Your JavaScript is turned off or you have an old version of Adobe's Flash Player. Get the latest Flash player.
Treasure Hunters Seek 'Hidden Treasure' in Central Kenyai
X
Gabe Joselow
September 29, 2014 6:20 PM
Could a cave in a small village in central Kenya be the site of buried treasure? A rumor of riches, left behind by colonialists, has some residents dreaming of wealth, while others see it as a dangerous hoax. VOA's Gabe Joselow has the story.
Video

Video Treasure Hunters Seek 'Hidden Treasure' in Central Kenya

Could a cave in a small village in central Kenya be the site of buried treasure? A rumor of riches, left behind by colonialists, has some residents dreaming of wealth, while others see it as a dangerous hoax. VOA's Gabe Joselow has the story.
Video

Video Iran's Rouhani Skeptical on Syria Strikes

Iranian President Hassan Rouhani expressed skepticism Friday that U.S.-led airstrikes in Iraq and Syria could crush Islamic State militants. From New York, VOA’s Margaret Besheer reports the president was also hopeful that questions about Iran’s nuclear program could be resolved soon.
Video

Video US House Speaker: Congress Should Debate Authorization Against IS

As wave after wave of U.S. airstrikes target Islamic State militants, the speaker of the Republican-controlled House of Representatives says he would be willing to call Congress back into session to debate a formal, broad authorization for the use of military force. VOA’s Michael Bowman reports from Washington, where legislators left town 10 days ago for a seven-week recess.
Video

Video Ebola Patients Find No Treatment at Sierra Leone Holding Center

At a holding facility in Makeni, central Sierra Leone, dozens of sick people sit on the floor in an empty university building. They wait in filthy conditions. It's a 16-hour drive by ambulance to Kailahun Ebola treatment center. Adam Bailes was there and reports on what he says are some of the worst situations he has seen since the beginning of this Ebola outbreak. And he says it appears case numbers may already be far worse than authorities acknowledge.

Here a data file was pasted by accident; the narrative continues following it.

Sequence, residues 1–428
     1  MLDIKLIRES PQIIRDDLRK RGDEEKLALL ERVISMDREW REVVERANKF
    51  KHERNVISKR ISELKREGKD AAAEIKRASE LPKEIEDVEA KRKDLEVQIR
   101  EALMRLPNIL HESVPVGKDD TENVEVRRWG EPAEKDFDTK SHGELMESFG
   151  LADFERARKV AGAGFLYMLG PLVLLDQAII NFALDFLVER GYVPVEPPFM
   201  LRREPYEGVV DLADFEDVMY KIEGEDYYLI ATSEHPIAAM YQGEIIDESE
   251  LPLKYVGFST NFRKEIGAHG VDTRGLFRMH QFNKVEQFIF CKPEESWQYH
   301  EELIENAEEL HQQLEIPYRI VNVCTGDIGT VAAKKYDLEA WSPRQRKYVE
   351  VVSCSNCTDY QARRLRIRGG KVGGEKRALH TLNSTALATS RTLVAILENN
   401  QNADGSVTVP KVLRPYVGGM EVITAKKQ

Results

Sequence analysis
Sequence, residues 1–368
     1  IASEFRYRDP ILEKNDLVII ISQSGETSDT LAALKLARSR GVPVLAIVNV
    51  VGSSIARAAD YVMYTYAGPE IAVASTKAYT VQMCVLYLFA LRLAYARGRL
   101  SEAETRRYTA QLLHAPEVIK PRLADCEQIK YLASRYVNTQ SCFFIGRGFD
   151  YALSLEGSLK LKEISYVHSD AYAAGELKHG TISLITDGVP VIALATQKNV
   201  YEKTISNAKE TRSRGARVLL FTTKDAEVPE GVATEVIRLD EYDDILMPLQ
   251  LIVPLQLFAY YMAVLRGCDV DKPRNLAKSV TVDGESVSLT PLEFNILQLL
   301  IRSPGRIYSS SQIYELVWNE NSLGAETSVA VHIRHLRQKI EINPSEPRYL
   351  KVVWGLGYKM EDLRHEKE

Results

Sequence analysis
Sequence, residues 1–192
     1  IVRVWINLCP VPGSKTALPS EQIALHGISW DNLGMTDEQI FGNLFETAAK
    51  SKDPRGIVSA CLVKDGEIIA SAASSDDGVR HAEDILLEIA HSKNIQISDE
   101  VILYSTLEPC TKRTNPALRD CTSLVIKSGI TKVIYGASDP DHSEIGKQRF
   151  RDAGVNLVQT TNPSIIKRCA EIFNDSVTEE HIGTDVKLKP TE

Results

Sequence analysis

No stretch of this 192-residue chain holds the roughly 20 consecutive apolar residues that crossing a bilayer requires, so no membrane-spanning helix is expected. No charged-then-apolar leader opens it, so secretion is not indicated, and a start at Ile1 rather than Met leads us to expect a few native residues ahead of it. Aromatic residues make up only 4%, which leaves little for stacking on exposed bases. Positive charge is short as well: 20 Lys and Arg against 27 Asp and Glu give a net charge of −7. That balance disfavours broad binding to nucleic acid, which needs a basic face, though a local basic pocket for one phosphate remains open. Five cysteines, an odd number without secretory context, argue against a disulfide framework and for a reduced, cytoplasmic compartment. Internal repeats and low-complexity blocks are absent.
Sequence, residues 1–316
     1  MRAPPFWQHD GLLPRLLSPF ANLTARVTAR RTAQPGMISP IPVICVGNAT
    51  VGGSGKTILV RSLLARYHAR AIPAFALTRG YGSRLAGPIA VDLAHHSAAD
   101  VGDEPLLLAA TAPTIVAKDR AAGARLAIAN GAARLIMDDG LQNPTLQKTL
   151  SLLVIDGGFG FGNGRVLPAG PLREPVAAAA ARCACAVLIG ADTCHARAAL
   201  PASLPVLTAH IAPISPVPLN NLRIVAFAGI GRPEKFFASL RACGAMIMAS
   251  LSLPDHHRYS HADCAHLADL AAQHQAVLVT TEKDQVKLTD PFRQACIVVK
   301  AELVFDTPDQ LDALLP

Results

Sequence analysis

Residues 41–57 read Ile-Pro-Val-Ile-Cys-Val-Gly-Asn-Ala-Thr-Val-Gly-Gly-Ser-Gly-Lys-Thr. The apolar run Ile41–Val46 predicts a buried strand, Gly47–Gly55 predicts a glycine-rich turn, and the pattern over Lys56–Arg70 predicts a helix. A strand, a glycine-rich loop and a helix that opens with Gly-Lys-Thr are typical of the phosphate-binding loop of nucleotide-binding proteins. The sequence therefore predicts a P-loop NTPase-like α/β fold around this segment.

Video

Video Identifying Bodies Found in Texas Border Region

Thousands of immigrants have died after crossing the border from Mexico into remote areas of the southwestern United States in recent years. Local officials in south Texas alone have found hundreds of unidentified bodies and buried them in mass graves in local cemeteries. Now an anthropologist and her students at Baylor University have been exhuming bodies and looking for clues to identify them. VOA’s Greg Flakus has more from Waco, Texas.
Video

Video Ebola Robs Liberians of Chance to Say Good-Bye to Loved Ones

In Liberia, where Ebola has killed more than 1,500 people, authorities have worked hard to convince people to allow specialized burial teams to take away dead bodies. But these safety measures, while necessary, make it hard for people to say good bye to their loved ones. VOA's Anne Look reports on the tragedy from Liberia.
Video

Video Reconstruction? What Reconstruction? Life After War in Gaza

It’s been a month since Israel and the Palestinians agreed to a ceasefire to end 52 days of an air and tank war that left 60,000 homes in Gaza damaged or destroyed and 110,000 homeless. Sharon Behn reports that lack of reconstruction is leading to despair.
Video

Video US, Saudi Arabia and UAE Hit Islamic State's Oil Revenue

The United States, Saudi Arabia and the United Arab Emirates have bombed oil facilities operated by Islamic State militants in Syria. It was a truly collaborative effort, with the two Arab countries dropping the majority of the bombs. The 12 refineries targeted were estimated to generate as much as $2 million per day for the terrorist group. VOA Pentagon correspondent Carla Babb has the story.
Video

Video Russia's Food Sanctions Raise Price Worries, Hopes for Domestic Production

Russia retaliated against Western sanctions imposed for its actions in Ukraine by halting food imports from the West. The temporary import ban on food from Australia, the European Union, Norway and North America has Russian consumers concerned that they could face a sharp increase in food prices. But in an ironic twist, the restrictions aimed at the Kremlin have made Russia's domestic food producers hopeful this can boost their business. VOA's Daniel Schearf reports from Moscow.
Video

Video Washington to Pyongyang: 'Shut This Evil System Down'

U.S. Secretary of State John Kerry is calling on North Korea to shut down prison camps and other human rights abuses following a United Nations Commission of Inquiry into "widespread and systematic human rights violations." VOA State Department Correspondent Scott Stearns reports from the United Nations.
Colonel Steve ‘Spiros’ Pisanos left Greece and came to the U.S. to learn to fly. He flew fighters for the Allies in World War II, narrowly escaping death multiple times.Colonel Steve ‘Spiros’ Pisanos left Greece and came to the U.S. to learn to fly. He flew fighters for the Allies in World War II, narrowly escaping death multiple times.

AppleAndroid